THE COME UP: An Oral History of the Rise of Hip-Hop by Jonathan Abrams – OUT NOW!
“To say this book is incredible simply doesn’t do it justice. It’s essential. A primary source. It isn’t just the fact that you have the voices of the most seminal rap artists who were there from the very beginning, you now have the perspective of time and reflection. Read this book. Eat this book. Steal this book. All the pieces matter.”
—Shea Serrano, #1 New York Times bestselling author
“Jonathan Abrams, for the entirety of his career, and regardless of the subject matter, has shown a profound ability to take the words and recollections of others and stitch them together into something big and special. . . . Here, in maybe his most massive undertaking, he’s done it with the rise of hip-hop. The Come Up is Abrams at his sharpest, at his most observant, at his most insightful.”
—Cheo Hodari Coker, creator and showrunner of Marvel’s Luke Cage, co-writer of the Notorious B.I.G. biopic Notorious, and author of Unbelievable: The Life, Death, and Afterlife of The Notorious B.I.G
“I’m not even sure how Jonathan did this, but I’m so grateful he did. It’s one thing to say you want to write an oral history on hip-hop. It’s another thing to actually do it with a seemingly endless amount of voices who were there on the front lines from the very beginning. Abrams weaves in and out of eras, regions and decades and does a paramount job of painting a full picture of the world’s most influential musical genre. Abrams has always been a phenomenal storyteller, but this is special—even for one of this country’s truly legendary storytellers.”
—Justin Tinsley, author of It Was All a Dream
2023 will mark fifty years since the birth of hip-hop. Many historians and industry pioneers date the beginnings of this ground-breaking music and culture to the summer of 1973, when DJ Kool Herc rolled his massive sound system and record collection out on to Sedgwick Avenue in the South Bronx for a street party fueled by the sounds—and especially the breakbeats—of funk and disco. What Herc and other pioneering DJs and MCs began in an overlooked neighborhood in New York eventually spawned the music that we now know as hip-hop, the most popular music genre in America.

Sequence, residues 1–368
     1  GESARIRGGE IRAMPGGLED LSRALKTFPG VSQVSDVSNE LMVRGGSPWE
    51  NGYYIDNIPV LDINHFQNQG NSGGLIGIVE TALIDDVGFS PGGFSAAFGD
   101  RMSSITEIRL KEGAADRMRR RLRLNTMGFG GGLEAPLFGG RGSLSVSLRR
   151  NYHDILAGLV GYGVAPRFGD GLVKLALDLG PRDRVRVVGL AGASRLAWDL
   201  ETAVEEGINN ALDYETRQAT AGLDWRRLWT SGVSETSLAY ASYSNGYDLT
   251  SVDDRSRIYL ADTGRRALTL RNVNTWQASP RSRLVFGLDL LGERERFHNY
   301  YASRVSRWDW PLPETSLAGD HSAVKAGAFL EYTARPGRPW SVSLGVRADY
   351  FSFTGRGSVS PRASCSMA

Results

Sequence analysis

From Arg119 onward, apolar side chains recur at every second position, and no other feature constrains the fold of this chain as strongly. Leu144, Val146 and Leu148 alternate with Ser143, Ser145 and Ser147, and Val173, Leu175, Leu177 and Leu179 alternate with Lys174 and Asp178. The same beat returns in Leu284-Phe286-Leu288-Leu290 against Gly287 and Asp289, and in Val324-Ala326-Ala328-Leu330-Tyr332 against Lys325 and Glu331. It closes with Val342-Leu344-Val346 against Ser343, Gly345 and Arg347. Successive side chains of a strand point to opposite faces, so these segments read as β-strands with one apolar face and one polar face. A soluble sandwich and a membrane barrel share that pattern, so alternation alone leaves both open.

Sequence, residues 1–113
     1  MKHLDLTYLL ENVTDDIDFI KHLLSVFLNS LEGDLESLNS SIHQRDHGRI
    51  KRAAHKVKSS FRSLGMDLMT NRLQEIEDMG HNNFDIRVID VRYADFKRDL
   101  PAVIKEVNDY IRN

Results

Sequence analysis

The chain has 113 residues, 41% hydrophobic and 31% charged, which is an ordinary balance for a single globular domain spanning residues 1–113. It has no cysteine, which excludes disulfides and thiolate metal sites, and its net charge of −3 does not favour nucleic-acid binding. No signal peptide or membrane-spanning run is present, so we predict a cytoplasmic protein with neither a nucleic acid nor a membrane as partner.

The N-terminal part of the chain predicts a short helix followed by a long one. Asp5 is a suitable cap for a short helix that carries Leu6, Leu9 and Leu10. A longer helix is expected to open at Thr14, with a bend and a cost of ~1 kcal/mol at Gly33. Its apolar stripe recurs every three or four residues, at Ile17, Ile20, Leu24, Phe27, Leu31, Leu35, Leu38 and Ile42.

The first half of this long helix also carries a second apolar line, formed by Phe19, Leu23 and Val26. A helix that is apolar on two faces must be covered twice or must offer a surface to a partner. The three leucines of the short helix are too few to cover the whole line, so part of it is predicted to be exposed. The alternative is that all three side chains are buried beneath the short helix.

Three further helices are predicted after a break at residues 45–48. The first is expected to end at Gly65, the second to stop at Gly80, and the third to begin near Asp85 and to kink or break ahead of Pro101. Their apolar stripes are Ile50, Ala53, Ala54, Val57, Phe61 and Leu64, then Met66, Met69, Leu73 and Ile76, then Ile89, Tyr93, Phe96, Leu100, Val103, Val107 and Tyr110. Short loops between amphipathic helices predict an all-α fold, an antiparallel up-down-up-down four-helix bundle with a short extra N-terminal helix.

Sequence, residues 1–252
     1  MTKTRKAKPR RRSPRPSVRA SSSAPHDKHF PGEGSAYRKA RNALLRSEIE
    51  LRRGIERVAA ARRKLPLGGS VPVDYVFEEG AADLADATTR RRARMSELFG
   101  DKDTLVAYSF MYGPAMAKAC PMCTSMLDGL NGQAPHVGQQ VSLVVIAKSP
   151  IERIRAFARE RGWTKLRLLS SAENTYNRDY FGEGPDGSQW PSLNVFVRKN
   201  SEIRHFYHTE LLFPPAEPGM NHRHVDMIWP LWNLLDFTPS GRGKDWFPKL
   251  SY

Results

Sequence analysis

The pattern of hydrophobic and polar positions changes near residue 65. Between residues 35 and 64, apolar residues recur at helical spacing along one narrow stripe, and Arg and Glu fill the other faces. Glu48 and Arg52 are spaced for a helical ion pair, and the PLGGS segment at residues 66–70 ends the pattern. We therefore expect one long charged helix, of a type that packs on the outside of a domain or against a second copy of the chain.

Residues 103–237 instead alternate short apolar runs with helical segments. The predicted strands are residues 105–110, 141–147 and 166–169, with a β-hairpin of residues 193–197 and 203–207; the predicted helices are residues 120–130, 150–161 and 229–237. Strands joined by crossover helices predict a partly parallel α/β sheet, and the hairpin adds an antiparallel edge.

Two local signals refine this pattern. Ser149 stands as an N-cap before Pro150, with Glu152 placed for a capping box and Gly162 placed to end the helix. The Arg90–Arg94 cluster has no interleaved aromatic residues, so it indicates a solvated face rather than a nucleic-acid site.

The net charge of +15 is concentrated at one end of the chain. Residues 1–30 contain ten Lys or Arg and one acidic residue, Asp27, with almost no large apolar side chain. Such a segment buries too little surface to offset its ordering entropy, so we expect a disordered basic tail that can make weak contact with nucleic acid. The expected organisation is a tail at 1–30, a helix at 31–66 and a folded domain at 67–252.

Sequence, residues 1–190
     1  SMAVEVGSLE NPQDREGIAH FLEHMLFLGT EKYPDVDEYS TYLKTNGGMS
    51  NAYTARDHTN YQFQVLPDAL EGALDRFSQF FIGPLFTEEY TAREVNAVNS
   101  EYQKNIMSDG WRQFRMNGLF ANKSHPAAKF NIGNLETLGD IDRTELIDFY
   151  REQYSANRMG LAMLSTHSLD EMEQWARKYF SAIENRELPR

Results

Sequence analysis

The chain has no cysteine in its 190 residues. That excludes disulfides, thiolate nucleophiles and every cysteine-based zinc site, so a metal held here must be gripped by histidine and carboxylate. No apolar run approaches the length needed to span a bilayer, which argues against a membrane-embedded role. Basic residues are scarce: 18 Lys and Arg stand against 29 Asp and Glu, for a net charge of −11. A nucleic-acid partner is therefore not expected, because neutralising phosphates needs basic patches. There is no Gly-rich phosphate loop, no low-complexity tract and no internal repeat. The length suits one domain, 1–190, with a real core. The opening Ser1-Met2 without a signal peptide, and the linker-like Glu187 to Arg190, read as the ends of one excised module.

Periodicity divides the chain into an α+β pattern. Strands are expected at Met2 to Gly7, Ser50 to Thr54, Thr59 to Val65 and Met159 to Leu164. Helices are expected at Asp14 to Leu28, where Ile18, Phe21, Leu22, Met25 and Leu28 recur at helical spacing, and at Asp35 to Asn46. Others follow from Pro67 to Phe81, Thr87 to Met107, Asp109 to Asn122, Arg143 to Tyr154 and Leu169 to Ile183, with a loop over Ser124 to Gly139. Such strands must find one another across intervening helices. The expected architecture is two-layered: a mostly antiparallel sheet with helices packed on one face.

In THE COME UP: An Oral History of the Rise of Hip-Hop (Crown; on-sale October 18), New York Times staff writer and bestselling author Jonathan Abrams offers the definitive account of hip-hop’s ascendancy. In more than 300 interviews conducted over three years, Abrams worked tirelessly to capture the stories of the DJs, MCs, promoters, executives, producers, and artists who witnessed and forged the history of hip-hop. THE COME UP features the voices of such pioneers as Ice Cube, Ice-T, Bun B, Marley Marl, Grandmaster Caz, Just Blaze, Killer Mike, Rhymefest, DMC, Kurtis Blow, and Monie Love, as well of scores of others—industry executives, radio DJs, promoters and others who were in the rooms where it happened (and, in some cases, whose stories were at risk of being lost forever). The book’s scope and the sheer quantity of voices are unprecedented, and the result is a major contribution to the history of rap.
THE COME UP is a treasure trove of recollections from the giants of hip-hop, in their own words: Grandmaster Caz on those early days in the Bronx; DMC on his role in introducing hip-hop to the mainstream; Ice Cube on N.W.A’s breakthrough and breakup; and illuminating insights from countless behind-the-scenes players. Abrams vividly traces how the genre took hold in mostly Black and Latino communities across the country before growing and evolving into a global, transformative force in popular culture, eventually spreading across the world and across generations.
A master storyteller, Abrams has crafted the essential oral history of hip-hop in THE COME UP
THE COME UP is available for purchase today at all physical and digital retailers